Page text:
Bickenbach and Davies (1997, p. 159) propose that a premise is acceptable if it is a necessary truth or it is a controversial claim accepted by both the protagonist and antagonist for the sake of argument. A premise is also acceptable if it is a contingent truth, but in this case it must either be supported by a cogent sub-argument or form part of common knowledge or be asserted by an appropriate expert or be a credible report of personal experience. I will look at each of these kinds of supposedly acceptable premises in turn. Thinking that a premise is acceptable because it is a necessary truth appears, at first sight, to be entirely reasonable and straightforward. Bickenbach and Davies (1997, p. 158) say that there are two types of necessary truth, namely statements that are true by definition and logical truths. Quine’s essay “Two Dogmas of Empiricism” (1951) has spawned what seems to be an interminable flood of articles about analyticity and what it is for a statement to be true by definition. There exists no consensus and the protagonist and antagonist in a dispute may well disagree about what is true by definition. Just because one person thinks a statement is true in this way does not mean everyone will. Only if the protagonist and antagonist agree on this matter can the relevant statement be accepted as a premise and this is exactly what my proposal amounts to in this case.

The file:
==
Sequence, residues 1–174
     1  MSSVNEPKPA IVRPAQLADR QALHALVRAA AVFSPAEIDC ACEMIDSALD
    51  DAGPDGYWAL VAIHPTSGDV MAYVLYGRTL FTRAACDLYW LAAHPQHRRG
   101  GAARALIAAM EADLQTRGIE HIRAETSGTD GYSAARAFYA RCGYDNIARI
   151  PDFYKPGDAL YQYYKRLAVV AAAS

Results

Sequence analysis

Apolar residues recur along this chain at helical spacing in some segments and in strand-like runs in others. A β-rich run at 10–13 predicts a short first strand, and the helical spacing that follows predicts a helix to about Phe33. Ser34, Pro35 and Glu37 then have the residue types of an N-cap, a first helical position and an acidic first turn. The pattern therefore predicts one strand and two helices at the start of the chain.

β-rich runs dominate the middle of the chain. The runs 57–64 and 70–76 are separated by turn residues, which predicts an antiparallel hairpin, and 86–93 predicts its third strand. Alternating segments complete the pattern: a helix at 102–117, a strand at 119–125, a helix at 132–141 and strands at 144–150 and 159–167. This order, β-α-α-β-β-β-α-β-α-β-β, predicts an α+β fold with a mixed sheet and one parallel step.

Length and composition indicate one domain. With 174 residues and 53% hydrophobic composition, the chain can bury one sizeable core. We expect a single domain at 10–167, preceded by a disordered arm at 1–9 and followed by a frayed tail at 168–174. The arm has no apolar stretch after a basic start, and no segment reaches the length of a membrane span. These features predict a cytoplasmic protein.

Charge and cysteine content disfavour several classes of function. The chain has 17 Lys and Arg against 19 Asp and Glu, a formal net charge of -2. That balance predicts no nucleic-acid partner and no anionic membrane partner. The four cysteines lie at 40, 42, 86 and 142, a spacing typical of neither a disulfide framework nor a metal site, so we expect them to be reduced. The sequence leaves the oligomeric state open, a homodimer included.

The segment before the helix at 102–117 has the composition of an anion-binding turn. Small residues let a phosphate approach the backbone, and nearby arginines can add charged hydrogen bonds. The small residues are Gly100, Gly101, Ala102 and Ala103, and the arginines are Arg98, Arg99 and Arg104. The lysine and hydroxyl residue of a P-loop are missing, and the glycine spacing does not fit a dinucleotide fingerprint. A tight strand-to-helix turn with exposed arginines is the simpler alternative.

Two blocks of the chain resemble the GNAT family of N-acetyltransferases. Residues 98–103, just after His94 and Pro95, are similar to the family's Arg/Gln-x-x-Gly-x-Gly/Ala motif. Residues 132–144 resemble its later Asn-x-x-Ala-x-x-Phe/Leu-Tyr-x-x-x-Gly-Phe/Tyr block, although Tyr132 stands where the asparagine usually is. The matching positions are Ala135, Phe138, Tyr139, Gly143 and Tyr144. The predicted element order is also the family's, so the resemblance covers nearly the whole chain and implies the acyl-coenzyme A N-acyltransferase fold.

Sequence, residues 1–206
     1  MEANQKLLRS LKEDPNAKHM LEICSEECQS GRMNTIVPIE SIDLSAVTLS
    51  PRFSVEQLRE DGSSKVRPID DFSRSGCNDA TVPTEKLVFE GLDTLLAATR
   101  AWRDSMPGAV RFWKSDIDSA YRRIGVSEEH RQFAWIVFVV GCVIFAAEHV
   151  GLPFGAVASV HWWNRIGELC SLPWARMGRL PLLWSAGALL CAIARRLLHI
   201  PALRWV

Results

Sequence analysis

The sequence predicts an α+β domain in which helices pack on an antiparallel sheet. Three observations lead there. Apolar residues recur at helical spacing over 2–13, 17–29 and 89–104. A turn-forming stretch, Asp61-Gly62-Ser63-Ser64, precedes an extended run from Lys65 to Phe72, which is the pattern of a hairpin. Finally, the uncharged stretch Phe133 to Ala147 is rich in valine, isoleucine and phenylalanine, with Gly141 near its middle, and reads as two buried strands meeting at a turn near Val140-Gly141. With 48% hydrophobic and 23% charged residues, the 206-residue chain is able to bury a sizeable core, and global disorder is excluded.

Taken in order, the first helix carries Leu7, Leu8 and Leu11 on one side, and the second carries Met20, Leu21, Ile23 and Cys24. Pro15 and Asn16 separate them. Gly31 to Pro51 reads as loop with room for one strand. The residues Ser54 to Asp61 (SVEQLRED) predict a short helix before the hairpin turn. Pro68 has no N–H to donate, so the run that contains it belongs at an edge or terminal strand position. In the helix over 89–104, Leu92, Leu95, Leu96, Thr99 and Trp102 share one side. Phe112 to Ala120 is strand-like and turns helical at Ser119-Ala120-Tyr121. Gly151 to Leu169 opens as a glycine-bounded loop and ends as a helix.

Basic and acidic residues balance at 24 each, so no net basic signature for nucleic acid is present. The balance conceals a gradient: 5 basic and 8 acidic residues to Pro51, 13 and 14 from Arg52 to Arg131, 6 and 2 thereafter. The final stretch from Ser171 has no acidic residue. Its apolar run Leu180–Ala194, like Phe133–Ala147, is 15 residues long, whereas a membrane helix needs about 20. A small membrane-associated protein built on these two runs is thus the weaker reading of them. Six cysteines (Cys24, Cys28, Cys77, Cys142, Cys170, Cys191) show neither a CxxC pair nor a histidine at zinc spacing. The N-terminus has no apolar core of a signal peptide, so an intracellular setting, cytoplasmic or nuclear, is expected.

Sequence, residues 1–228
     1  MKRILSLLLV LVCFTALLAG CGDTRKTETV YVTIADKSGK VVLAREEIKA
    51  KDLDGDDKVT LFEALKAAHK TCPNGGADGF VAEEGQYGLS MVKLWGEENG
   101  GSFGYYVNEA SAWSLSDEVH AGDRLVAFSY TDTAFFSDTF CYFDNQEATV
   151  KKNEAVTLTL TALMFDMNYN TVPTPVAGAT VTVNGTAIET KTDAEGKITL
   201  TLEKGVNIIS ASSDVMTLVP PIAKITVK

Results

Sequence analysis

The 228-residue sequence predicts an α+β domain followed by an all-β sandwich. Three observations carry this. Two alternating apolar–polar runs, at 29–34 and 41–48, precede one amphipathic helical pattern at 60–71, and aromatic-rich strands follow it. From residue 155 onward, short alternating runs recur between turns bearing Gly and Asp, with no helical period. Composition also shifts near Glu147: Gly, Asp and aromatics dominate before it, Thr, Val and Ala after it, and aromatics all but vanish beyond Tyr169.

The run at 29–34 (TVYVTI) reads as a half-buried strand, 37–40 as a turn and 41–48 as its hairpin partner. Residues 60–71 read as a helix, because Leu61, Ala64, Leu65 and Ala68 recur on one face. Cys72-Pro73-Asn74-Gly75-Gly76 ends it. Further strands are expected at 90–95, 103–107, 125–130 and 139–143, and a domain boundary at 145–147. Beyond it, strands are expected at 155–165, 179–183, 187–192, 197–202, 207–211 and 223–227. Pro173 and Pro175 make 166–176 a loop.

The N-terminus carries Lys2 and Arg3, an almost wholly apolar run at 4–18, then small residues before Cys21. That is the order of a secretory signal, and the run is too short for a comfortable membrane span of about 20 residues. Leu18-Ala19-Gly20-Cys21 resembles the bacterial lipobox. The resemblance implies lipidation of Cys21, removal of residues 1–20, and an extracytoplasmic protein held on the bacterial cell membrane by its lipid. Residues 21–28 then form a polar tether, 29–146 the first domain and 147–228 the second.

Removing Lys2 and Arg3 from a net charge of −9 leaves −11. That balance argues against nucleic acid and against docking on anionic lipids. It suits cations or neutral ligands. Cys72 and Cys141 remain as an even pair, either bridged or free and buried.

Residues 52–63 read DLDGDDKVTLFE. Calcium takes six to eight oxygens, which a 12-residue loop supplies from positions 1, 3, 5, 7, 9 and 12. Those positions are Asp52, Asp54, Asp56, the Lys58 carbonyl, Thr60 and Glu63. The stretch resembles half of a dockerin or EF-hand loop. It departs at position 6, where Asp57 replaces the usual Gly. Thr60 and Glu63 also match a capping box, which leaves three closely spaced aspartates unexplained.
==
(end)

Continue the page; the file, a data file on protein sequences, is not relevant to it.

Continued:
People also disagree about certain logical truths. Intuitionistic mathematicians and philosophers do not accept that many classically true logical laws, such as the law of excluded middle, really are correct. Thus, if the antagonist in an argument is an intuitionist, the protagonist cannot use the law of excluded middle as a premise as it is unacceptable to the antagonist. In this case my proposal for premise acceptability fares much better than that of Bickenbach and Davies (1997). It should be noted that intuitionists are not the only people who object to certain classically true logical laws. Various philosophers and logicians have proposed revisions of classical logic as documented, for example, by Haack (1996).
Bickenbach and Davies (1997, p. 163) allow controversial and even false statements to be acceptable as premises if the protagonist and antagonist agree to accept them because they are interested in seeing what would follow from them if they were true. They imagine a situation, for example, where the statement that Napoleon won the Battle of Waterloo is accepted in order to test the claim that ‘later developments in Russia were a direct result of Napoleon’s defeat’. I have no objection to this and it is easily accommodated within my general approach to premise acceptability.